By Andrew Hosken
26 January 2012
Dr Irene Scheimberg and Dr Marta Cohen believe they have discovered vitamin D deficiency in a significant number of children who have died of Sudden Infant Death Syndrome. The doctors say that vitamin D deficiency and associated diseases such as the bone disease rickets could potentially explain deaths and injuries that are often thought to be suspicious.
They fear that children with such deficiencies may have been taken away from their parents and placed in foster care for no good reason. The findings in children from London and Yorkshire followed the discovery by Dr Scheimberg in 2009 of congenital rickets in a four-month-old baby whose parents had been accused of shaking him to death.
In Yorkshire, Dr Cohen found moderate to severe levels of vitamin D deficiency in 45 children, mostly infants aged less than 12 months, who died of natural causes. Of the 24 sudden infant deaths Dr Cohen investigated from this group, 18 – or 75% – were deficient in vitamin D. Dr Scheimberg said severe vitamin D deficiency could make the bones of small babies very brittle and capable of fracture with little or no real force. “Obviously if you have bones that fracture easily then they will fracture easily they will fracture with any normal movement like trying to put a baby grow on a baby you will twist their arm. In a normal child you won’t produce anything. But in a child whose bones are weakened and [who have] an abnormal cartilage growth area, then it’s easier for them to get these very tiny fractures or even big fractures.”
Dr Scheimberg, based at the Royal London Hospital in Whitechapel has said “I think there should be a commission that studies all these cases [which would] take into consideration the age of the children, the gender, the race and the way in which the way these families live – particularly when the children are still alive and living in foster care when they could be back with their families.”
Recently Chana Al-Alas,19, and Rohan Wray, 22, were acquitted of murdering their son Jayden after the jury learned that his fractures, supposedly telltale signs of abuse, could have been caused by his severe rickets. Dr Scheimberg also discovered rickets in Jayden’s mother. Dr Scheimberg discovered vitamin D deficiency in a further 30 cases in London. Vitamin D deficiency was found to be a cause of death in three cases. Cardiomyopathy, a disease of the heart muscle, was discovered in two small babies. A third died of hypocalcemic fits, a condition of low serum calcium levels in the blood caused by vitamin D deficiency.
Vitamin D deficiency was a co-existing finding in the sudden and unexpected deaths of eight children, so-called Sudden Infant Death or Sids; in five children with bronchial asthma and another five with combined bacteria-polyviral or polyviral infections. Two of the babies, including baby Jayden, also had fractures.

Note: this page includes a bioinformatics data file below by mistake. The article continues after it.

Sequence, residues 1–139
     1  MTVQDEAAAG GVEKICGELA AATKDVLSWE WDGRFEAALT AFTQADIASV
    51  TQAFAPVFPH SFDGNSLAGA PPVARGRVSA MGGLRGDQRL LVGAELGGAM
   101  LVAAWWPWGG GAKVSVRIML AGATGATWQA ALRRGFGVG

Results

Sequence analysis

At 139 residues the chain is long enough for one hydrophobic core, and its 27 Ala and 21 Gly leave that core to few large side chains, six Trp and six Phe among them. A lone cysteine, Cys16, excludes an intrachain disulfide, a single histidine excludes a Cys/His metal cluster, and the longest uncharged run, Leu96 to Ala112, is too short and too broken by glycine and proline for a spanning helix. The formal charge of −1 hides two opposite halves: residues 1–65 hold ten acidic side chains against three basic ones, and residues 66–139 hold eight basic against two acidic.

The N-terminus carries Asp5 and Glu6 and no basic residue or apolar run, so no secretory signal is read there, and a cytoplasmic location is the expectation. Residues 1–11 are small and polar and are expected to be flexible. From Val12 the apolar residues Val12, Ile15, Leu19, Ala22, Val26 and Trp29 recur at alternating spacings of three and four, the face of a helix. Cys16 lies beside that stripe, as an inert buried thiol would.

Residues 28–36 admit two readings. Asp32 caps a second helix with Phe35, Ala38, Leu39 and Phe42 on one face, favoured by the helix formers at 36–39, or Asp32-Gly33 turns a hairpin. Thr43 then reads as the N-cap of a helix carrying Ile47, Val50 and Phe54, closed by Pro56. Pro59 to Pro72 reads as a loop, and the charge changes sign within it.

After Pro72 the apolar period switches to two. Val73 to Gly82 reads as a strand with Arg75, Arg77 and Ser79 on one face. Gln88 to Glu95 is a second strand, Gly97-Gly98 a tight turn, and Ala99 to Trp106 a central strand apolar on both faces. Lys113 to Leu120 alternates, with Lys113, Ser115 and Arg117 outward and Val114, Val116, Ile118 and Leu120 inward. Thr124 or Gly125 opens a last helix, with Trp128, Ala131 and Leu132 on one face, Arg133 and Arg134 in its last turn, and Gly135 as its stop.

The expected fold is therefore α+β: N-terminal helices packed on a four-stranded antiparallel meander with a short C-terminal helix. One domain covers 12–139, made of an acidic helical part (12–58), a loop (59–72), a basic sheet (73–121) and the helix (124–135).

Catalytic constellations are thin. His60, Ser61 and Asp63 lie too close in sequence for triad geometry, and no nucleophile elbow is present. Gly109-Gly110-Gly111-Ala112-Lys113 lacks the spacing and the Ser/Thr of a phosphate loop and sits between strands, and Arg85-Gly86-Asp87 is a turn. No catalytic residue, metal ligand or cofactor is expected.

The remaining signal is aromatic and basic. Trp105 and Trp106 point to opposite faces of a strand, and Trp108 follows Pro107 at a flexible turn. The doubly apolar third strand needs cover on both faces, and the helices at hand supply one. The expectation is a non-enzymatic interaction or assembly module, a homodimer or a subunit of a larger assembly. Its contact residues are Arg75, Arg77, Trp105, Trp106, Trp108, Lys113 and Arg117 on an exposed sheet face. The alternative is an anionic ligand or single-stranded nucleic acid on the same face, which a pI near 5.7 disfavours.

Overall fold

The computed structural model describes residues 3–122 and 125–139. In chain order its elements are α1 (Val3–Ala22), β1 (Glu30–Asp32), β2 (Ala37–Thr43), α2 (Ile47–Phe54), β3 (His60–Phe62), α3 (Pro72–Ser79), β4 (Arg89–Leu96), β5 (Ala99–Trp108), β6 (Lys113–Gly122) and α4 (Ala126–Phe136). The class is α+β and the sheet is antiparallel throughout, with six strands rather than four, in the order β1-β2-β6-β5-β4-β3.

Vitamin D is actually a hormone, and endocrinologists are experts in how the body is regulated by the hormone excreting glands – or endocrine organs. Stephen Nussey is professor of endocrinology at St George’s Hospital at Tooting in south London. He believes that, despite repeated government recommendations on vitamin D supplementation, vitamin D deficiency is still not being taken sufficiently seriously by the authorities.
Earlier this week, the chief medical officer for England, Dame Sally Davies, wrote to doctors, nurses and other health professionals advising them to consider vitamin D supplementation for certain at risk groups, including pregnant mothers.
“We know a significant proportion of people in the UK probably have inadequate levels of vitamin D in their blood. People at risk of vitamin D deficiency, including pregnant women and children under five, are already advised to take daily supplements. Our experts are clear – low levels of vitamin D can increase the risk of poor bone health,
including rickets in young children,” she explained. “Many health professionals such as midwives, GPs and nurses give advice on supplements and it is crucial they continue to offer this advice as part of routine consultations and ensure disadvantaged families have access to free vitamin supplements through our Healthy Start scheme.
Gerry Gajadharsingh writes:
Blood tests to check serum Vitamin D 25OH, was one of the most requested private blood test in 2011, not sure about the NHS, this time of the year in particular reveals that many people, perhaps the majority of the UK population may have insufficient levels. We get Vitamin D from dietary sources but we also need sunlight to convert it, in Northern Hemishere countries from October to March the UV radation from the sun is not at the adequate wavelength to do the job properly. No wonder so many people feel “low” at this time of the year, never mind the recession, check your Vitamin D levels and make sure you have adequate amounts in your diet or use short term replacement, especially for vunerable groups.